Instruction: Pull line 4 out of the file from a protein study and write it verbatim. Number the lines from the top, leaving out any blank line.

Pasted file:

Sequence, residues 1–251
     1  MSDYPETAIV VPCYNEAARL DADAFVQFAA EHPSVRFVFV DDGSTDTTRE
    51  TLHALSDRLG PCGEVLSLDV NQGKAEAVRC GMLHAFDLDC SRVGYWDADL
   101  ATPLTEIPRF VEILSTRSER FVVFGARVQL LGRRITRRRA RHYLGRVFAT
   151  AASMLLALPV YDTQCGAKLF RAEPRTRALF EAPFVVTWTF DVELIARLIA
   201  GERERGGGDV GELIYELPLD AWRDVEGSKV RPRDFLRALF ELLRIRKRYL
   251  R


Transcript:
   101  ATPLTEIPRF VEILSTRSER FVVFGARVQL LGRRITRRRA RHYLGRVFAT